China Internet Cafe 2011 Shutterstock
An internet cafe in Chengdu, China.

China’s ongoing efforts to crack down on the country’s growing independent digital media community have resulted in authorities penalizing more than 100,000 social media accounts. The owners of the accounts are accused of violating the newly established “Seven Bottom Lines” directive, which amount to seven rules to follow for online behavior.

The guidelines were drawn up in late summer at the China Internet Conference in Beijing by State Internet Information Office head Lu Wei. At the meeting, which was attended by a combination of government officials, popular Weibo microblog personalities and members of the media, Lu asked attendees to support the document, which include following seven rules or "standards" for posting items online: the legal standard, the socialist system standard, the national interest standard, the legitimate interest of citizens standard, the public order standard, the moral standard and the authenticity of information standard.

Determined to rein in the public platform on which China’s citizens are most outspoken, authorities have stepped in. According to a report by the state-owned Beijing Youth Daily, 103,673 accounts on Weibo were penalized for violating various bottom line rules. Though the paper did not detail specific posts that triggered penalization, or the specific punishments, offending accounts are likely to be suspended. The report did say that a majority of the social media accounts involved violated a variety of the bottom lines, with many people publishing false information, plagiarized content, personal attacks or pornographic or vulgar materials. State media and authorities have criticized Weibo for being a “rumor distribution center” and have made a conscious effort to decrease false news from going viral. The newspaper said that last year inaccurate information was disseminated 4,000 times a day on average. This year, that number has allegedly dropped to just 500.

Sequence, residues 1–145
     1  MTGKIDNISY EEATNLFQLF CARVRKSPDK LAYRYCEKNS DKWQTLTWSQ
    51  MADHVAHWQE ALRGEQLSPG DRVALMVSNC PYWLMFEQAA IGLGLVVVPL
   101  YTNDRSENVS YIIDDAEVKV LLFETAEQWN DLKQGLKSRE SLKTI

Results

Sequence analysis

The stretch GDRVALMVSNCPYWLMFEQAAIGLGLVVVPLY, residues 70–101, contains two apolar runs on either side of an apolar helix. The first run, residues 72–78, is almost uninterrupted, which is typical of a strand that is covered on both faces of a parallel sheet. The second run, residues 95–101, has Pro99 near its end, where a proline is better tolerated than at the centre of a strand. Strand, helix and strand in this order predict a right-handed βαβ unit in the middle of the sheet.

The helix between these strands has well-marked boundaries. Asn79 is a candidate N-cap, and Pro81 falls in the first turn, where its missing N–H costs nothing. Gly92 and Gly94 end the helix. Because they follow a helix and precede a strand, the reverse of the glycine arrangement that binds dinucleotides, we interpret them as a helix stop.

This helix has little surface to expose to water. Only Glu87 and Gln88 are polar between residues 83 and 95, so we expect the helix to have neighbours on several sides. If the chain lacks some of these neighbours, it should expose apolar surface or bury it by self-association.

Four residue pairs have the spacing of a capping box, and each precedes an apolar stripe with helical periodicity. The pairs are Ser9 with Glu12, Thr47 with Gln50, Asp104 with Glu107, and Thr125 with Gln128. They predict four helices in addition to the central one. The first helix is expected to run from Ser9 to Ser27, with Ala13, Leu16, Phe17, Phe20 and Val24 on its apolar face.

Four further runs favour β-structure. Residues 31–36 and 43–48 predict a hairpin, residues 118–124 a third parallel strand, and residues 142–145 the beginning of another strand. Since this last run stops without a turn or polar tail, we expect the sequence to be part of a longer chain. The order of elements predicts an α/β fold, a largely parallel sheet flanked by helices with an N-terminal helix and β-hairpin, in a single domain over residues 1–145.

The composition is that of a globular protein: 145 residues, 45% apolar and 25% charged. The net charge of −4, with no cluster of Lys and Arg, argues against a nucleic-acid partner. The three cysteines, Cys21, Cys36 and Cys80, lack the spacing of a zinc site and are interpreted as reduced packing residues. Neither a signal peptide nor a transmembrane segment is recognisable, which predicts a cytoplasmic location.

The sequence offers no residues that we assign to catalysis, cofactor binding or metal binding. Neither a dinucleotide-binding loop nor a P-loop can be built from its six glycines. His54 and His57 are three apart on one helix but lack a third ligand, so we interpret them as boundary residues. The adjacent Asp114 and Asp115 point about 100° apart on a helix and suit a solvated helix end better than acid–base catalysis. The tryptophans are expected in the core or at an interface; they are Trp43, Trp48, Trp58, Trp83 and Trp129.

When first announced, the seven bottom lines were seen as directives to practice self-censorship online, in particular targeting China’s "big V" Weibo users -- the movers and shakers of the platform who have huge followings and range from celebrities to CEOs. China’s most prominent bloggers were asked to be more conscious of what they post, because of their position as influencers in the digital realm.

According to an account by Global Voices, Pan Shiyi, one of China’s big-V Internet celebrities and one of the real estate tycoons behind China’s Soho developments, was one of the people who left the meeting with doubts. “People should not be considered a passive subject who need to be educated or channeled … I don’t think [online celebrities] should be responsible for lifting people’s morality. It won’t work.”


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